The Home Office has confirmed its decision to allow religious buildings to host civil partnerships in a report published today.
Equalities Minister Lynne Featherstone confirmed regulations should be in place by the end of 2011.
Following a consultation earlier this year, the document confirms the scheme which will allow religious premises to apply to be approved for civil partnership registrations.
When civil partnerships were introduced in 2005, the law stated that they could not be held in religious buildings, nor contain any religious language.
The report details the regulations needed to enforce the Equality Act 2010, which removed the prohibition on holding the ceremonies at churches, synagogues and other religious buildings.
While the Unitarian Church and the Quakers as well as Liberal and Reform Judaism said they would hold ceremonies for gay couples, the Catholic Church and Church of England said they would not.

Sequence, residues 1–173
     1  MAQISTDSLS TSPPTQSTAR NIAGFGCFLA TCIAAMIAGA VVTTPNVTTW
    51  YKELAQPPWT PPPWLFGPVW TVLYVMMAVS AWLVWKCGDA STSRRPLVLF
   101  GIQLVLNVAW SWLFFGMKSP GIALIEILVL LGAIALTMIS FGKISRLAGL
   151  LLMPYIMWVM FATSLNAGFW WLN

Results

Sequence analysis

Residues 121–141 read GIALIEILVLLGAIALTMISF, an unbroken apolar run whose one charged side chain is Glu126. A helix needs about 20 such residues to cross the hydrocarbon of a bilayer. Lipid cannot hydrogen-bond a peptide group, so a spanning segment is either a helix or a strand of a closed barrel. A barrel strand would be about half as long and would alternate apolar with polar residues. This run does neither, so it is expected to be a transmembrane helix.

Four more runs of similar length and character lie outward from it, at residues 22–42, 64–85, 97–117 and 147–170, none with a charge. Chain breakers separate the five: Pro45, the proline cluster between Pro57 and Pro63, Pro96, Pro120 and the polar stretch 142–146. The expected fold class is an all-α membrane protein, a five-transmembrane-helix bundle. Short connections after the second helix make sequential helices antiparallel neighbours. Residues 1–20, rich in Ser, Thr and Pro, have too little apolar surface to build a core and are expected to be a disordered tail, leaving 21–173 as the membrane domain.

Derek McAuley, Chief Officer of General Assembly of Unitarian and Free Christian Churches, welcomed the publication.
He said: “The publication of the regulations is a further step forward towards equality for lesbian and gay people. Many Unitarian ministers already perform same sex blessings so I am sure that many churches and chapels will seek to register their premises for civil partnership registrations.
I am glad that the Government have responded to many of the concerns expressed during the consultation.
We welcome the greater flexibility that has been introduced for local authorities to reduce the bureaucratic burden of registration which should lead to a reduction in the cost to churches which could have been prohibitive. We will be watching carefully to ensure that local authorities set realistic fees and do not see this as a chance to profit in a time of economic stringency. The abolition of a time limit will also lower the cost and is a major change.”
Lynne Featherstone said: “The government is advancing equality for LGB people and ensuring freedom of religion for people of all faiths.
“No religious group will be forced to host a civil partnership registration, but for those who wish to do so this is an important step forward.”
The move has no effect on the government’s consultation next year on equal marriage.